Local Foods is part of the Benjy’s family of restaurants (it’s right next door in Rice Village). The modern deli is especially famous for its huge sandwiches—choose from egg salad, the famous "crunchy" chicken, or Gulf shrimp—stacked with as much local produce as two slices of bread will hold. Granted, the price (up to $15 a sandwich) is steep, but each comes with two impressive sides, such as house-made chips with Old Bay seasoning; Tuscan kale salad with raisins, pine nuts, and parmesan; or a broccoli and quinoa salad with cashew yogurt. Counter service and booth seating give the beautifully designed space a casual, modern feel.


At Prego, modern dishes and old-fashioned Italian classics appear side by side on the menu, with plenty of antipasti, pizzas, risottos, and second courses rounding out the menu. The pasta is homemade, with gluten-free versions available. The Berkshire pancetta, which graces the spaghetti carbonara, is also made in-house. The dining room is done in dark wood and earth tones, with booth seating, and the quaint bar has a beautiful, old-school cappuccino machine as its centerpiece. It’s a romantic atmosphere with an upscale, but not too fancy, feel—perfect for date night.

A visit to the Village isn't complete without Roma's gnocchi with shrimp and saffron sauce.


In 2019, owner Shanon Scott rebranded the eatery Sud Italia, which opened at the corner of Morningside and University in 2015 with cuisine of southern Italy, as Roma Ristorante, which now focuses on covering multiple regions of food from Italy. Chef Kevin Bryant focuses on classic and modern Italian cuisine, bringing in traditional pastas and recipes unique to each region, while incorporating proteins of land and sea.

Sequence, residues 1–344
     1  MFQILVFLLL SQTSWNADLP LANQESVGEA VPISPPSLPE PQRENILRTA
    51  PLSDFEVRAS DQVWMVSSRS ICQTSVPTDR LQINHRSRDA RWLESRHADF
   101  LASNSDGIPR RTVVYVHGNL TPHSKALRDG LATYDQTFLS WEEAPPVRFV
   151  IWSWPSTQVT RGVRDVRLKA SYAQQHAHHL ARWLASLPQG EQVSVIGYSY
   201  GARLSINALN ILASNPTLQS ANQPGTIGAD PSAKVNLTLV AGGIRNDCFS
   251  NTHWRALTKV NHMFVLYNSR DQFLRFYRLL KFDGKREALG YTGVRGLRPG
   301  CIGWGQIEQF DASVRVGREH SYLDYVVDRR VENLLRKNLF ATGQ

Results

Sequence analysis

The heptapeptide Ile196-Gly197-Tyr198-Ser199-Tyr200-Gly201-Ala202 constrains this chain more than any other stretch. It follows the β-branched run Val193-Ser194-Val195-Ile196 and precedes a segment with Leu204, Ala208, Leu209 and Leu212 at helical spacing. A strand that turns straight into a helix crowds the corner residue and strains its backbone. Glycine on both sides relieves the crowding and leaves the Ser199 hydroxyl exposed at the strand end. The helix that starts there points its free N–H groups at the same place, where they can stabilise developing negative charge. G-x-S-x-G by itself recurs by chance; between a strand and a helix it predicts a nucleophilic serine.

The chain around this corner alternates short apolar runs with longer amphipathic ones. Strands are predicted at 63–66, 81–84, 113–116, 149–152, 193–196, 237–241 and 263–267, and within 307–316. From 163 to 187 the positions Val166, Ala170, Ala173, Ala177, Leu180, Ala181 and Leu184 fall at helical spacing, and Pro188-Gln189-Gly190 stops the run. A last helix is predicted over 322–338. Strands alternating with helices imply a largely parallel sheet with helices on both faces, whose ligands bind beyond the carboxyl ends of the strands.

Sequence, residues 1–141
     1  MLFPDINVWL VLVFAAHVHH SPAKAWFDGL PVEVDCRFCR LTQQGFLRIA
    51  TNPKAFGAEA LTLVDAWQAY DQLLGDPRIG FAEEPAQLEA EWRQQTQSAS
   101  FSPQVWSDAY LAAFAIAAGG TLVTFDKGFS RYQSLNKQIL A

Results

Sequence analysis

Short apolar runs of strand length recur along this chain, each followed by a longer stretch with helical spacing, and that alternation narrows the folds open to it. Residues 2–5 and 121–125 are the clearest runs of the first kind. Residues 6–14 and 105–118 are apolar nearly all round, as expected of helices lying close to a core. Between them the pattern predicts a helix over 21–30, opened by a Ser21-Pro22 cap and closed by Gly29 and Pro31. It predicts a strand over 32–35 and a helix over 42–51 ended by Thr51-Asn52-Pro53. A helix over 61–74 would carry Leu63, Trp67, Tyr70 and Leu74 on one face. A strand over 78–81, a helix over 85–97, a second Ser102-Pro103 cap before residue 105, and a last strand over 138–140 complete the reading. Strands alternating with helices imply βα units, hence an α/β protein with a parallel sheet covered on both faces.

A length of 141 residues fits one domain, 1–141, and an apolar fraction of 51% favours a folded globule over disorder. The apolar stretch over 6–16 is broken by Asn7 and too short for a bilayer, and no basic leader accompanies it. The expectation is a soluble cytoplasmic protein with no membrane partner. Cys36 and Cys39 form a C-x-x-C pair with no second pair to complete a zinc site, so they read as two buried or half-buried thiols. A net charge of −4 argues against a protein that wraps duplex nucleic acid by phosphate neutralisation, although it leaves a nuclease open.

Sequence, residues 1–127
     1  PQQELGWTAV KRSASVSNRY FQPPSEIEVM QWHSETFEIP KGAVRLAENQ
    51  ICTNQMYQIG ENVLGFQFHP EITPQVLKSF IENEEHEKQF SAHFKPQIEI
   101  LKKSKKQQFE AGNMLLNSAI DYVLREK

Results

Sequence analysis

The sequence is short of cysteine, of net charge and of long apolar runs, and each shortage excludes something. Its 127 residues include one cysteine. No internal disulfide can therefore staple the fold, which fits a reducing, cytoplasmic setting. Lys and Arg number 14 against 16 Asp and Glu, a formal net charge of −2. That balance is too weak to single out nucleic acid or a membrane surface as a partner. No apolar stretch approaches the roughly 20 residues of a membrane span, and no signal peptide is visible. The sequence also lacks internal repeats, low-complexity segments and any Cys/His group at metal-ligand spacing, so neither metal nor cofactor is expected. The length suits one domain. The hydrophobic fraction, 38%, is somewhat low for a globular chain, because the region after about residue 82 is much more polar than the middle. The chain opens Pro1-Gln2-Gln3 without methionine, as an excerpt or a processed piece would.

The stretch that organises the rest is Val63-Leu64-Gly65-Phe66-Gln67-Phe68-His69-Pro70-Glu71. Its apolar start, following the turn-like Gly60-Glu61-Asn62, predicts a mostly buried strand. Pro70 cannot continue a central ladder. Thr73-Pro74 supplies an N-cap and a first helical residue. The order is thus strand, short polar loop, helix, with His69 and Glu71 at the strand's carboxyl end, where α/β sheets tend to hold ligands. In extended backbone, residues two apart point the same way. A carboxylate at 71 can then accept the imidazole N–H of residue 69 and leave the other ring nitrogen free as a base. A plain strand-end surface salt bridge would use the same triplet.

Sweet Paris

Sweet Paris boasts savory and sweet crêpes of every type; choose from extensive options such as “apple cinnamon crème brûlée” or a simple ham and gruyère as you sit on their sunny patio or enjoy the restaurant’s intimate venue. Take a chance and order something that the crêpery is less known for, such as a full lunch with the Croque Madame, a plate complete with scrambled eggs, gruyère, smoked ham, and béchamel sauce.

Velvet Taco

Craving a late night snack? Velvet Taco remains one of Houston’s greatest spots for gourmet tacos at a reasonable price. Open from 11 a.m. to 11 p.m. (12 a.m. on weekends), Velvet Taco serves specialties that fuse multiple cultures into one tasty taco—like the fried paneer or the falafel taco—made from scratch with fresh ingredients. Rich in flavor, the tacos at Velvet combine the character of Tex-Mex with the smooth undertones of foods from other cultures and places. This restaurant is one of the city’s most popular weekend night foodie destinations, with eclectic and “funky” vibes in each bite.

Show Comments